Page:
- "Grinch Is Gonna Get You"/"Members of the Un-human race"/"the Spooks tour Finale" - Monster Chorus (Hans Conried, Thurl Ravenscroft, The Mellomen, Mel Blanc, Paul Frees, and Paul Winchell) (The song starts with all the singers, then turns into a duet between Ravenscroft and Winchell.)
- "There Goes the Grinch" - Chorus
Prequel vs. sequel controversy
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While the special has been previously accepted as a prequel to How the Grinch Stole Christmas!, new scholarship on the film has brought this idea into contention. In a 2014 article for the now defunct website Grantland, Holly Anderson provides interesting commentary in support of the idea Grinch Night is, in fact, a sequel. Anderson argues Max leaving the Grinch to live with Euchariah at the end of the story proves Grinch Night must come after the Grinch's Christmas antics since Max plays a prominent role in helping the Grinch steal Christmas. Sequel-backing theorists argue the Grinch's heart may have shrunk back to size after Christmas, causing the Grinch to return to his evil ways. Members of the prequel camp counter by arguing the Grinch could have simply stolen Max back between this Halloween and the Christmas depicted in the original story. Prequel-backers argue the Grinch's enlarged heart at the end of How the Grinch Stole Christmas! would mean the Grinch remains good and loving, so Grinch Night must occur first in the Seuss Universe. It has even been suggested that Max is actually two completely different dogs, thus resolving the problem of his desertion of the Grinch at the end of the "Grinch Night". Ultimately, continuity errors exist with both theories, and the debate cannot be resolved.
Home video release
The special was first released on VHS by Playhouse Video in 1989. In 1992, it was released by Random House Home Video on VHS under the title It's Grinch Night. It was also released by VHS by CBS Video through 20th Century Fox Home Entertainment in 1996 under the title Grinch Night. In 2003, the special was released as a bonus special on the VHS and DVD release of Dr. Seuss on the Loose from Universal Studios Home Entertainment. On October 18, 2011, the special was released on DVD by Warner Home Video under Dr. Seuss's Holidays on the Loose!, along with How the Grinch Stole Christmas! and The Grinch Grinches the Cat in the Hat. In at least one of these home recordings, the song "The Grinch Night Ball" was dropped.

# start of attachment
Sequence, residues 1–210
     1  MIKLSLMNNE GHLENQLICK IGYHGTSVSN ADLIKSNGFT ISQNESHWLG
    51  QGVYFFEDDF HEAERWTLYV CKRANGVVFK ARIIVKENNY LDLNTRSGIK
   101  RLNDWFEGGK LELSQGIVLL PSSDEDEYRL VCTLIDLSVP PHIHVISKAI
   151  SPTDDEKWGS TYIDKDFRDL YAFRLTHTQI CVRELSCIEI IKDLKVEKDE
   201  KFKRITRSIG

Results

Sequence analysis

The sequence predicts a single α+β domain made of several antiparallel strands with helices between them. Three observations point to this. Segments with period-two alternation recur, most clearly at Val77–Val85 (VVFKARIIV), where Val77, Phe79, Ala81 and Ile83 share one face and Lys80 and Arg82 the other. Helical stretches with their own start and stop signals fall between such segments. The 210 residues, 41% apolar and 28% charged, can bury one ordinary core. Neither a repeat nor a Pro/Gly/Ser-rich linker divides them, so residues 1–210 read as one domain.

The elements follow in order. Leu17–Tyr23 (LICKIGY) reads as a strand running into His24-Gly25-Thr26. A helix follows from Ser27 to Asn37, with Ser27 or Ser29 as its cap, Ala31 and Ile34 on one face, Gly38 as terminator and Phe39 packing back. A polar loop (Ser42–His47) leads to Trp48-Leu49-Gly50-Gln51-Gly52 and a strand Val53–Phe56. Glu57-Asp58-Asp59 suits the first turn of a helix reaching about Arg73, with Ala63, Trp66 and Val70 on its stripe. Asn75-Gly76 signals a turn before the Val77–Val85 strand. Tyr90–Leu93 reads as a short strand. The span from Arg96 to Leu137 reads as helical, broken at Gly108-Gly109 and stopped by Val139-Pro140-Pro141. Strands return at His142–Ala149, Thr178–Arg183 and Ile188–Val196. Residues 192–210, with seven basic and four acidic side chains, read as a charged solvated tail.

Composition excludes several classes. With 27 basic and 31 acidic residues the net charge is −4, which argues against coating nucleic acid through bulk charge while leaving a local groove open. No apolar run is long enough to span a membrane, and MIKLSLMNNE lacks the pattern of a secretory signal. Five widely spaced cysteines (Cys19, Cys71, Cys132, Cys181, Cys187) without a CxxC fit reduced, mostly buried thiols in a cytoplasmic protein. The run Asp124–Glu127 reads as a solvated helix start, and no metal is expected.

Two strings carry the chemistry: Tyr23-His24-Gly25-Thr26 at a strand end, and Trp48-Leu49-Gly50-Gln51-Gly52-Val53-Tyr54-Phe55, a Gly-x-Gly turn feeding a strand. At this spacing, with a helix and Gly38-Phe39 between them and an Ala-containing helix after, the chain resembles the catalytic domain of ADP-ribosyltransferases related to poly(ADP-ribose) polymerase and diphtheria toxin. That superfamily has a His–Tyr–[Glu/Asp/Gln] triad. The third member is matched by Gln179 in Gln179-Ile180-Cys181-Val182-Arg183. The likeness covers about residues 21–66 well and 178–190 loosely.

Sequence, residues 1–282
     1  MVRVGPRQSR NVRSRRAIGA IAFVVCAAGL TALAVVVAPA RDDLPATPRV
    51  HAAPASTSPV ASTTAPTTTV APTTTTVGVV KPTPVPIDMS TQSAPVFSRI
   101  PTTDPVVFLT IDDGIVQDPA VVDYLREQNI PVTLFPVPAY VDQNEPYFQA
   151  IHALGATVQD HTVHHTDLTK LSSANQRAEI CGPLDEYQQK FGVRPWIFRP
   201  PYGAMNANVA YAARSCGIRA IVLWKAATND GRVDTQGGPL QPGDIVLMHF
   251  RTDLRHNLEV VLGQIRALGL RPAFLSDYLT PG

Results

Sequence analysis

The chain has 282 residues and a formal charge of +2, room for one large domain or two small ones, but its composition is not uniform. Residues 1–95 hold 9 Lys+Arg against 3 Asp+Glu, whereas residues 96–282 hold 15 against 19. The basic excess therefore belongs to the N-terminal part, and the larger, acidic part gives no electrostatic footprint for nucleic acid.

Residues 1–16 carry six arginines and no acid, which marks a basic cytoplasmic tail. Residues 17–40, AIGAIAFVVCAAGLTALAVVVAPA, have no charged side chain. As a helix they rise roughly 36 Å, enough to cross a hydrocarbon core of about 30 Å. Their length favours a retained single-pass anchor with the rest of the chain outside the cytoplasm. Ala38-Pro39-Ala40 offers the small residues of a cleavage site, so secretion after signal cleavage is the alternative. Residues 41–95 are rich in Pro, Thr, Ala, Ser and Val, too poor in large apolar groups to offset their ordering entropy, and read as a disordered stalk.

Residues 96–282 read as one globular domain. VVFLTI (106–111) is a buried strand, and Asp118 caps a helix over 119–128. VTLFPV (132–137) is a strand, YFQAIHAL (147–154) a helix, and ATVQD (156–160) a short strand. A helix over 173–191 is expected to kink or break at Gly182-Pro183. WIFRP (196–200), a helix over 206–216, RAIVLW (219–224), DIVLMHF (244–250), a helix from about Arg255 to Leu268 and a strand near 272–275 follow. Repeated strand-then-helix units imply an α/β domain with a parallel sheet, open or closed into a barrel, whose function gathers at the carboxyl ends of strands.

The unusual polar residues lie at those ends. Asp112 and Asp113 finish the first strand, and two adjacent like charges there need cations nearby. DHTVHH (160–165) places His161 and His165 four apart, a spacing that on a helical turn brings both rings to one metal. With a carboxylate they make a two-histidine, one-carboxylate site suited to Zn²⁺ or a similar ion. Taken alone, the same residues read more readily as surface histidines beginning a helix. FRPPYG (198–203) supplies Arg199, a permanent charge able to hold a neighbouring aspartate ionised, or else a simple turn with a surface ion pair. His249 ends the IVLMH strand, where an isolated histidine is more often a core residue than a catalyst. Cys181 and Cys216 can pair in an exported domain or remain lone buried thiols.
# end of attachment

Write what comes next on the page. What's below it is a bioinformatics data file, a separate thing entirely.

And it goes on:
- "Beware of the Grinch!". The Robesonian. 28 October 1979. Retrieved 16 June 2013.
- "30th Emmy Awards Nominees and Winners". Emmys. Academy of Television Arts & Sciences. Retrieved 31 October 2017.
- InfoPlease https://www.infoplease.com/arts-entertainment/emmyr-awards/1977-1978-emmy-awards. Retrieved 31 October 2017. Missing or empty
- Anderson, Holly (2014-10-29). "All Aboard the Paraphernalia Wagon: Revisiting Dr. Seuss's 'Grinch Night' Halloween Special". Grantland. Retrieved 2017-10-31.
- Dr. Seuss's Holidays on the Loose! DVD – Warner Bros.: WBshop.com – The Official Online Store of Warner Bros. Studios
- Halloween Is Grinch Night on IMDb
- Holland, Chris; Scott Hamilton. "Stomp Tokyo Video Reviews – Halloween is Grinch Night (1977)". Stomp Tokyo. Retrieved 18 January 2009.